Retaliation directly on US companies
Even China couldn't match the US's threat of imposing as much as $450 billion worth of tariffs on Chinese imports, as the US only exports about $130 billion to China. In recent days, China said it could retaliate "qualitatively". Now, we're clear what "qualitative" means; China could target US stocks.
The official newspaper's editorial emphasised that China could hurt US companies listed on the Dow Jones industrial average if the trade war were to escalate. The editorial wrote, "The 30 companies that make up the Dow Jones average may be some of the first to bear the brunt of China's countermeasures".
How to "hurt US stocks"?
We belive that China may impose administrative hurdles on US companies operating in China, which would then have an impact on stock prices. The practice could be similar to the administrative measures on South Korea's Lotte Department Stores in China, which involve an examination of goods before they can be shelved.
We don't expect China to short stocks in financial markets because affecting business operations of US companies operating in China is more controllable by the Chinese government than doing this through the stock market.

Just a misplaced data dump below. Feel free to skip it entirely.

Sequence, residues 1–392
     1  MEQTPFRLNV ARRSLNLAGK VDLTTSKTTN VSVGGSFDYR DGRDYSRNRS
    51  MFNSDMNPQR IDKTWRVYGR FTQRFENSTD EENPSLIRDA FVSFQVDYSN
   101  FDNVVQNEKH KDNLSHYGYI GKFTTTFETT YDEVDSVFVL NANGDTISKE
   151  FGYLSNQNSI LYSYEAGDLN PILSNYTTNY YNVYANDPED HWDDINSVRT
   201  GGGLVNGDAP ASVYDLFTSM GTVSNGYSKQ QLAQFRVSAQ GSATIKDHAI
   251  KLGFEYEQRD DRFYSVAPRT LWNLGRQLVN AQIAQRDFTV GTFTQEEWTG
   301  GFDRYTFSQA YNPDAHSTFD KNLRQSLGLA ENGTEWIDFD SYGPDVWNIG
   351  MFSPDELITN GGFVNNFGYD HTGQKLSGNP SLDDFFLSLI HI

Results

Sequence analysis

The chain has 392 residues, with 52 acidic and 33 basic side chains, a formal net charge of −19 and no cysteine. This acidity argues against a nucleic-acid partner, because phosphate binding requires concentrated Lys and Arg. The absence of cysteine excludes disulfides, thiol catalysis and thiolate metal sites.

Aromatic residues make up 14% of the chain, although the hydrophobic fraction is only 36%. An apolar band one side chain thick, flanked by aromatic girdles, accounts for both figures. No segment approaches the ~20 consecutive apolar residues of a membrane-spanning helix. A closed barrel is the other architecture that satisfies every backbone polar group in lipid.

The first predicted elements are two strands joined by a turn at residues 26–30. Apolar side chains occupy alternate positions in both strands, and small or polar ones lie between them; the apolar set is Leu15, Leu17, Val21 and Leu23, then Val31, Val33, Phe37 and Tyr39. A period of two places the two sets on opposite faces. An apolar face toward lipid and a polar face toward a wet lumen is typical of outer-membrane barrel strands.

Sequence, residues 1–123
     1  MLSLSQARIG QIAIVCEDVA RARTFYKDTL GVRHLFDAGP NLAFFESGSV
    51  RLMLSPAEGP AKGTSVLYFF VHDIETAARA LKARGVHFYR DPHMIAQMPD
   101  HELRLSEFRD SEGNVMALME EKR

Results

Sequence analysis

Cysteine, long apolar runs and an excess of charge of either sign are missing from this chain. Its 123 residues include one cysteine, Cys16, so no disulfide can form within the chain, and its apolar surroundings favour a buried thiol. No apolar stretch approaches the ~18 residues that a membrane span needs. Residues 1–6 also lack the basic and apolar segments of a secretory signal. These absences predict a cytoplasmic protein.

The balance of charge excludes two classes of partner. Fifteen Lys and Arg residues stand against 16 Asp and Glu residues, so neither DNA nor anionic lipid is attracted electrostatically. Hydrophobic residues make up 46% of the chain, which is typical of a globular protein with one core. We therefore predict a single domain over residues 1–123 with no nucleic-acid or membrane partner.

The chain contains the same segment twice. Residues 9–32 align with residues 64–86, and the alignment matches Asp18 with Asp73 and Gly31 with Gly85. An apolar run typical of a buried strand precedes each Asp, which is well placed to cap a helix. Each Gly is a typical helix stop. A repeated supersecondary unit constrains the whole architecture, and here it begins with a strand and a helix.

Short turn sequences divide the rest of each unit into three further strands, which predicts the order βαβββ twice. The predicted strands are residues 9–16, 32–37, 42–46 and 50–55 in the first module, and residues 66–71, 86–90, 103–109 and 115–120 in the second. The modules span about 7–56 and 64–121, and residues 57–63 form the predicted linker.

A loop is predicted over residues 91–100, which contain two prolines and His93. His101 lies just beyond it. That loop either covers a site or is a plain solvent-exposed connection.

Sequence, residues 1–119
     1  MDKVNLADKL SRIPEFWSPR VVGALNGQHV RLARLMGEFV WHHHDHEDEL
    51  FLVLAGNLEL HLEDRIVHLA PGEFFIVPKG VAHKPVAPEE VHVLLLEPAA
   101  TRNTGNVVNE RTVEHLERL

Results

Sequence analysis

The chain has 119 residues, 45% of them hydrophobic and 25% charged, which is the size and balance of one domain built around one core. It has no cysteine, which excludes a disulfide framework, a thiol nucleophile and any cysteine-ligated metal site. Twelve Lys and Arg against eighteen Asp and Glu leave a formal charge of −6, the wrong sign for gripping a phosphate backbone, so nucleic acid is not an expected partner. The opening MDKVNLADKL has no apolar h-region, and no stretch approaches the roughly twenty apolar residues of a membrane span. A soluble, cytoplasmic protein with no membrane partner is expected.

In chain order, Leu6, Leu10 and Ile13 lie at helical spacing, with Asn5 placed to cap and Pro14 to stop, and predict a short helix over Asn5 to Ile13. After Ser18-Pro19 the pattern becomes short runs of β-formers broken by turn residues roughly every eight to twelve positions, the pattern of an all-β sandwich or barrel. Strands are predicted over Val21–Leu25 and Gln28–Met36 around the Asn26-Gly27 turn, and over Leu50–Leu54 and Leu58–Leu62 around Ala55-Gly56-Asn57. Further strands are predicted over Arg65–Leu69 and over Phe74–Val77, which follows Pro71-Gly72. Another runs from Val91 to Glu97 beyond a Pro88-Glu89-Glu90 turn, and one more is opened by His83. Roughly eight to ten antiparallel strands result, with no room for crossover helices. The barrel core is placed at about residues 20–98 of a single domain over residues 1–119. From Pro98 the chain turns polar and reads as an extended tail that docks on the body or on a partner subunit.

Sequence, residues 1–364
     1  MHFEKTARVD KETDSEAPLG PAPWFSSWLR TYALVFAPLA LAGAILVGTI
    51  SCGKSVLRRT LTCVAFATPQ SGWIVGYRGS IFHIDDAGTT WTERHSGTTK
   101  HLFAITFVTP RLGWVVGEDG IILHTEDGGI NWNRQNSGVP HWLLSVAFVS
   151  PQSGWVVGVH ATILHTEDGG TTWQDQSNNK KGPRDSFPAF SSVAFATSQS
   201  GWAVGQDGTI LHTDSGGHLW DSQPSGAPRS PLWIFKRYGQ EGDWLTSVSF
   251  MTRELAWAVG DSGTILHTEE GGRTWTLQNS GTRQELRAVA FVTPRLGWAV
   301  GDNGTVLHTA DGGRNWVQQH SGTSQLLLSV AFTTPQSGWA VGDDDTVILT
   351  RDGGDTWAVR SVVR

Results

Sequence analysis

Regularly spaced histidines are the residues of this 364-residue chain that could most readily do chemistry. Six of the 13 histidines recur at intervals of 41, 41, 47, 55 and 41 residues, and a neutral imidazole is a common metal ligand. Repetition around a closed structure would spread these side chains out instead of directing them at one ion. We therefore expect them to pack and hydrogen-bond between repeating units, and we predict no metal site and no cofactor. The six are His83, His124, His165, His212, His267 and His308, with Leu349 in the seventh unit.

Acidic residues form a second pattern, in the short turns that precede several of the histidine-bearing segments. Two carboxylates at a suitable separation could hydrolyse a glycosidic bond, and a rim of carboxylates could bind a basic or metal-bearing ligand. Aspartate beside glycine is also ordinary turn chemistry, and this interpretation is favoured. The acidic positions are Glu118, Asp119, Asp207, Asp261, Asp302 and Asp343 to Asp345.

Would this end the trade war?
No, we don't expect this would end the trade dispute. Quite the reverse, we expect some tough talk between the US and China to follow, though this could be effective in delaying the process of a trade war.
For the time being, US companies could lobby the US government intensively and extensively to avoid a further rise in trade tensions. As the editorial mentioned, the risk of a fall in the Dow Jones goes up with these measures, potentially hurting retirement funds and therefore prompting more lobbying on the US government.
China's other weapon
China's other weapon could be to sell US Treasuries. This isn't a remote possibility if the US administration insists on imposing more tariffs on China.
Impact on markets, production and trade, globallly
Given that the supply chains of US companies are likely to be sourced globally, the impact is not limited to the stock market. If China were to affect business operations of US companies operating in China, we would expect production, sales, and trade to be affected globally, not just in China and the US. Investment decisions by these US companies and their supply chains will also be disturbed. World economic growth will slow, not just China and US.